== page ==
Hold everything – United 4 mile “MISTAKE” fare is not 100% dead yet!

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I am not happy with the way United has handled the sold, booked and ticketed MISTAKE fare to Hong Kong. And now, according to the never ending FlyerTalk post  (and others getting the same email me included)  about it, user “Chucksterace” has posted this from the DOT:

“Mr. XXXXXXXXX:

This is in regard to your complaint against United Airlines (UAL) about certain Mileage Plus Award tickets to, from, or via Hong Kong that could be acquired on UAL’s website between July 14 and July 15, 2012. Information that we have obtained to date from affected consumers and the airline, including screen shots taken from various steps in the booking process, reflects a discrepancy in the mileage amounts required to be paid for these tickets. More specifically, the mileage amounts, as they appeared on the website’s mileage award tables, itinerary selection page and at the top of the itinerary purchase page, were significantly higher (e.g., 320,000 miles plus taxes and fees for a roundtrip ticket) than the amount displayed as the “total price” on the itinerary purchase page (i.e., four miles plus taxes and fees). In short, it is unclear what full price was offered. We will continue to investigate this matter to determine the full price of these tickets, whether that full price was, in fact, paid by the consumers, whether the airline issued tickets upon full payment, and whether the carrier raised the price after full payment was made and the tickets were issued.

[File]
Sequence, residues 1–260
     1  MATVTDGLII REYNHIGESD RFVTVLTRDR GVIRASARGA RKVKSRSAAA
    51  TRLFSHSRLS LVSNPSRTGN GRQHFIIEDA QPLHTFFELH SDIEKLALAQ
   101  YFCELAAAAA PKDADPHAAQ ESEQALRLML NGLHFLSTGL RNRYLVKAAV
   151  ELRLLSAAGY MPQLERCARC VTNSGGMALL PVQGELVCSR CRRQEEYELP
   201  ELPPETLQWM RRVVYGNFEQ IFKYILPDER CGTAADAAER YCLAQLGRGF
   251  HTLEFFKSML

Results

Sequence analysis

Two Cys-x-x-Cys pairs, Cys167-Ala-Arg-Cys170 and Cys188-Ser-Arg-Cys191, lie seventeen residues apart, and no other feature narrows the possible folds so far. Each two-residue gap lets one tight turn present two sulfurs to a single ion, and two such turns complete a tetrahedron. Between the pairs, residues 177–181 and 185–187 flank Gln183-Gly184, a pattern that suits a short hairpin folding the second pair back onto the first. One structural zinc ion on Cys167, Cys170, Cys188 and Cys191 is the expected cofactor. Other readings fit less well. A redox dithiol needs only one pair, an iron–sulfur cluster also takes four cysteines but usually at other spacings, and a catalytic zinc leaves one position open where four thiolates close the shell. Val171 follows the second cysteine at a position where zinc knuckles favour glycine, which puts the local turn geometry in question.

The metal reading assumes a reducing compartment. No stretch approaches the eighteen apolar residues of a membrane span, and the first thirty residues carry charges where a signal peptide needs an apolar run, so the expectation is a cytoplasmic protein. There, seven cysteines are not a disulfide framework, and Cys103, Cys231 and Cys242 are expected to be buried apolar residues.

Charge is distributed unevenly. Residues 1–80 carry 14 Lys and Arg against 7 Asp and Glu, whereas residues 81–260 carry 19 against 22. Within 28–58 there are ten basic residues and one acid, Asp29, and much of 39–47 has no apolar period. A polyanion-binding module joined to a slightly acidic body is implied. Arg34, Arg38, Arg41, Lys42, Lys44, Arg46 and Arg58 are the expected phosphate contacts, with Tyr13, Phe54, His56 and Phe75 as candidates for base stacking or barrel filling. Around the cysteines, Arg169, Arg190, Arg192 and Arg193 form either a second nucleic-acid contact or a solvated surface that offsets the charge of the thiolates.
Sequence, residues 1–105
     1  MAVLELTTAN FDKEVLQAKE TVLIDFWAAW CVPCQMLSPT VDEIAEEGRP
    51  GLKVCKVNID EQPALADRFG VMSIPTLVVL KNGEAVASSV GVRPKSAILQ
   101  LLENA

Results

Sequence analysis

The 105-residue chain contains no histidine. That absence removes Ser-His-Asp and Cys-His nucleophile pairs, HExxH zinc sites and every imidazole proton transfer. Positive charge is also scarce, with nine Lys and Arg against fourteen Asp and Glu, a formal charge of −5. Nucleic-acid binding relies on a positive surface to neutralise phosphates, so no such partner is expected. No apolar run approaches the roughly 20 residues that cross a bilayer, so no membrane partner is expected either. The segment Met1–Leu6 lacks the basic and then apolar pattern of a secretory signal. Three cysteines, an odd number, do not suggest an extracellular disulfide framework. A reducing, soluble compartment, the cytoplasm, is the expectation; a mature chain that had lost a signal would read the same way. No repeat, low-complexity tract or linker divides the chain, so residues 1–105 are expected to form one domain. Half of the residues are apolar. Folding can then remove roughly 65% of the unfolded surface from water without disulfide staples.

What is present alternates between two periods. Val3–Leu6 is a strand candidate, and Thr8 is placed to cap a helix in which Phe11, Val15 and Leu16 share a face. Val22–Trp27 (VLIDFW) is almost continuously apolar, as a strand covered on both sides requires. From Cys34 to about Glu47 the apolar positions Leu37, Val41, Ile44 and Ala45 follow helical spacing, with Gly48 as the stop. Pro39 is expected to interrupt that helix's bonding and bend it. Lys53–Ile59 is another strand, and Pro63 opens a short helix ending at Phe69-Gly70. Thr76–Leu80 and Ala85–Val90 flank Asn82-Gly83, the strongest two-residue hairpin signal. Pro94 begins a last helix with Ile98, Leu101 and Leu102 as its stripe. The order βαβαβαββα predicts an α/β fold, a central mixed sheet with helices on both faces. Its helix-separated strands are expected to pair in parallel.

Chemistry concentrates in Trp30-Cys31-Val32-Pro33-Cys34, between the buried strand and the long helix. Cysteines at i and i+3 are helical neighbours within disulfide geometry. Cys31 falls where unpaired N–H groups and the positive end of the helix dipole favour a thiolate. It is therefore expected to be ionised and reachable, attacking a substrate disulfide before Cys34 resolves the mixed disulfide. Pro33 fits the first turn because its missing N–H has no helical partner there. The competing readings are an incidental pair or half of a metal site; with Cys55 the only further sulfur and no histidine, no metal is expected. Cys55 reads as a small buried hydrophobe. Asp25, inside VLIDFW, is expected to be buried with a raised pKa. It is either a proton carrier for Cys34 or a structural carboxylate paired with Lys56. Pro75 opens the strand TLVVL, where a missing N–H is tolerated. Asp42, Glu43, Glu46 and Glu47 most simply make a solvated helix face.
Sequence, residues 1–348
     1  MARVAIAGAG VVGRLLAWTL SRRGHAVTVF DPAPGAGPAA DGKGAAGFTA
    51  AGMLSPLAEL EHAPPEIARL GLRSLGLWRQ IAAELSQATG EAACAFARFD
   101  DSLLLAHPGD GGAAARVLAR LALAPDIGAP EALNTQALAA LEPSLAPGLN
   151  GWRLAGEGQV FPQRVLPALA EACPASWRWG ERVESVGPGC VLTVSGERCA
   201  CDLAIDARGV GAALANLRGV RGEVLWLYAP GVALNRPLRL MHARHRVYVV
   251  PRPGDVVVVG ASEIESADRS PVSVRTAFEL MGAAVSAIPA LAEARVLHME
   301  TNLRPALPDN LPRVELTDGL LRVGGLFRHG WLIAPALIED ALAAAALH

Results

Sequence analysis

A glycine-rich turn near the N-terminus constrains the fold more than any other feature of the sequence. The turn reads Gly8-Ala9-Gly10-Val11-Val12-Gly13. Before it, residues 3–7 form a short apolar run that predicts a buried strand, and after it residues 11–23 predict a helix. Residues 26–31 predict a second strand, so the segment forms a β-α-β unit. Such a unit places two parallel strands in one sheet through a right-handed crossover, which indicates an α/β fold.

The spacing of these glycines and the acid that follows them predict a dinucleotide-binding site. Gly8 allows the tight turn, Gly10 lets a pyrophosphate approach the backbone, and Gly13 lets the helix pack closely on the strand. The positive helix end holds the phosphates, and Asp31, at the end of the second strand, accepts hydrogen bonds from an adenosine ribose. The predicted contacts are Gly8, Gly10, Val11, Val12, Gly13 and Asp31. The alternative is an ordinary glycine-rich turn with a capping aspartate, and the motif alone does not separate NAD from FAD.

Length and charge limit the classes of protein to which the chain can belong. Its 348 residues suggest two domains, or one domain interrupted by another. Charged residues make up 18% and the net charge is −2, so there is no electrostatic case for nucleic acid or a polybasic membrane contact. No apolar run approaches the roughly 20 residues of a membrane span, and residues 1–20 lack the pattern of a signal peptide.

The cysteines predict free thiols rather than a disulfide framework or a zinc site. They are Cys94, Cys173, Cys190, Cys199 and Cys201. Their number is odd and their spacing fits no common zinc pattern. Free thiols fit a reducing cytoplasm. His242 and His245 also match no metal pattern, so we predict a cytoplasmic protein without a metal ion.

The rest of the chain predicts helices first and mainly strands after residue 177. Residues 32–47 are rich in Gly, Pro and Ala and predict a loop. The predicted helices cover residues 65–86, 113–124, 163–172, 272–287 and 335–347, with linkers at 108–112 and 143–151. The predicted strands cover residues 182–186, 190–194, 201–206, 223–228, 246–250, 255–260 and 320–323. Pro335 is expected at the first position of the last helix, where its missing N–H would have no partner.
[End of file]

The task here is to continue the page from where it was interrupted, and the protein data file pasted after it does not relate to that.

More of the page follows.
As you may be aware, the Department recently issued a regulation, 14 CFR 399.88, that is intended to prevent airlines from unfairly and deceptively raising the price of a ticket after a consumer has paid in full and purchased that ticket. As stated in the regulation, such conduct would constitute a prohibited unfair and deceptive practice under a statute enacted by Congress, 49 USC 41712. The goal of our investigation is to determine whether UAL has acted unfairly or deceptively to consumers who acquired Mileage Plus Awards tickets as described above. Please note that, regardless of the outcome of our investigation, consumers are free to pursue claims (e.g., a breach of contract claim) against the airline in an appropriate civil court for monetary damages and other remedies particular to their situation.

Alexander A. Taday III
Aviation Industry Analyst
Aviation Consumer Protection Division
Office of the General Counsel
US Department of Transportation

No matter where you stand on this one, it will be good to get a final answer on this so if something like this happens again with any airline we will all know what the facts are! – Rene

 

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13 comments

  1. I just got the same email, It looks like a form letter with the user name at the top…

  2. Looks like I should get the popcorn popping… This is going to be fun to watch from sidelines…. The more claims the more they will have to act on it

  3. These are the key words:
    The goal of our investigation is to determine whether UAL has acted unfairly or deceptively to consumers who acquired Mileage Plus Awards tickets as described above